Thank you for your comments. Happy belated Independance Day.
I didn’t do anything 4th of July-ish; I tried teaching police officers — we were mostly mutually confused, but fortunately they’re pretty patient and nice about it.
I finally figured out how to type in Georgian letters, and a searchable dictionary, but it doesn’t seem very good, so I need another one if possible. In Georgian, hello is: გამარჯობა, for instance. The good thing is, spelling in Georgian is very straightforward: each letter has one sound, and each sound has one letter. On the other hand, perhaps half a dozen of those letters represent corrosponding sounds Americans are more or less unable to make. ხ is Georgian for xkh — the kind of noise a person makes when they have something in their throat. პ is Georgian for a sound kind of like a p, but not — and if you say p, they will correct you until they give up. ტ is Georgian for a sound sort of between b and t, more on the side of t, but not the same as თ, which is the same as t in tornado. ც and წ are related in a similar fashion, only for the sound “ts,”and ბ is “tz,” as in tsatziki (the Greek cucumber sauce; I think it would be spelled ცაბიქი).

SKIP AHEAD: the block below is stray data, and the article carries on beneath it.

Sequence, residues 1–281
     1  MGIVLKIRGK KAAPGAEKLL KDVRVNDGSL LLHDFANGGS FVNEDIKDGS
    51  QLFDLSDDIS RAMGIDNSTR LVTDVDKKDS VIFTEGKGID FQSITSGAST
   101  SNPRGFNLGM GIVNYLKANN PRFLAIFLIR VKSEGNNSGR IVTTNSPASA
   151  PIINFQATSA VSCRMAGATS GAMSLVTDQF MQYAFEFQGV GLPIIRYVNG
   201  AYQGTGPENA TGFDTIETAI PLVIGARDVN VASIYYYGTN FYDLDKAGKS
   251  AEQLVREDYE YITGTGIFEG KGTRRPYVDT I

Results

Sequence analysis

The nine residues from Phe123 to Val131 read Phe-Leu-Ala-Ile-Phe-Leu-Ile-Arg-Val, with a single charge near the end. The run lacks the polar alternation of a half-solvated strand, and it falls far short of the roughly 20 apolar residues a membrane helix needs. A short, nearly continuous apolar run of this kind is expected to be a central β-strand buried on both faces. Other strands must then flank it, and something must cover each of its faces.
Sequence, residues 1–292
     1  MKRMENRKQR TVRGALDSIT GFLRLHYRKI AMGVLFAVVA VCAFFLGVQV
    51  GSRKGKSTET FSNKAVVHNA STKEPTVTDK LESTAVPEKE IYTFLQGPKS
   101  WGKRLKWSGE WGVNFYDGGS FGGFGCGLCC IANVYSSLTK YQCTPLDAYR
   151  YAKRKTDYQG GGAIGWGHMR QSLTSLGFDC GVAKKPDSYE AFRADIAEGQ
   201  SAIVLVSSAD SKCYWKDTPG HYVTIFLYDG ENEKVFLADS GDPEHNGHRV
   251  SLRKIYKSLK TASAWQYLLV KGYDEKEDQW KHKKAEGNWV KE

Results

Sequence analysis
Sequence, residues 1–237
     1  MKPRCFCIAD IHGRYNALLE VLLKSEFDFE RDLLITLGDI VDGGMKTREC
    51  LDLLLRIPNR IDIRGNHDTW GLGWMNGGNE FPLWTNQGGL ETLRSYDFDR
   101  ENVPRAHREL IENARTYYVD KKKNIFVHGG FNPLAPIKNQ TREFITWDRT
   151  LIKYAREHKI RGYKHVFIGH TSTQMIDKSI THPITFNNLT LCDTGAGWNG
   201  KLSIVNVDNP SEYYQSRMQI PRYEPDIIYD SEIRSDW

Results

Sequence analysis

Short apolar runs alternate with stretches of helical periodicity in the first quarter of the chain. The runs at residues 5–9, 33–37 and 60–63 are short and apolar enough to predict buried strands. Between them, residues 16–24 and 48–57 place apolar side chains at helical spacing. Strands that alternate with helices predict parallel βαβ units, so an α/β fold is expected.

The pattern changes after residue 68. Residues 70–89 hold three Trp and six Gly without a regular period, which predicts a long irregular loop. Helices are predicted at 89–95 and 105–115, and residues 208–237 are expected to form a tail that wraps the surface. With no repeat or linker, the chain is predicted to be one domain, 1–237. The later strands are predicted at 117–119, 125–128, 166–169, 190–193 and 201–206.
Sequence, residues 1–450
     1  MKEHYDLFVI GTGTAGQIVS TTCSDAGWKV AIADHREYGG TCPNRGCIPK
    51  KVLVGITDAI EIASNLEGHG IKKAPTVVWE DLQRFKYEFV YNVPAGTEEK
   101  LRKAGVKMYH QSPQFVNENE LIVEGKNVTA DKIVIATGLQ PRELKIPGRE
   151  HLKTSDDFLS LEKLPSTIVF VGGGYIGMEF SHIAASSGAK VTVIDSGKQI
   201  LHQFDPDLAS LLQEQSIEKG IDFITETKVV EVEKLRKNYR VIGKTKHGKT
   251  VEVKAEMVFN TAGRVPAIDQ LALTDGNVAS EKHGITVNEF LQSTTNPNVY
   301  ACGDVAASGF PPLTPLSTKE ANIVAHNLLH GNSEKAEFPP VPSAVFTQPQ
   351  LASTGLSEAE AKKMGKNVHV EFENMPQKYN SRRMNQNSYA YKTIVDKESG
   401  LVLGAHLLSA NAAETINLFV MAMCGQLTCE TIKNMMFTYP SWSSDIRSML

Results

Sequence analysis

I forgot to mention in my last post all the animals that live here. Since we’re out in the country there are, as would be expected, a lot of animals — cows (lots of cows), dogs, cats, chickens, sheep, pigs, horses, and so on. What’s different, however, is that these animals are not penned in, so one can meet them standing about on roads, wandering around small grassy areas, munching beside gardens (people have excellent gardens here), and otherwise just sort of hanging out. This is especially the case with the chickens and cows — I have yet to figure out whether the chickens belong to particular people, and come back to their home, or whether they are simply there, and if someone wants a chicken they go and catch one (would one catch it in a net?). The wandering horses do go back home, they say, and the cows. It’s fairly grassy, so in the summer they don’t seem to have a problem finding food. The only heard of sheep I encountered were escorted by some teenage boys — people say sheep are stupid, so no doubt if left to themselves they would get lost on a cliff or walk in front of a car or some such.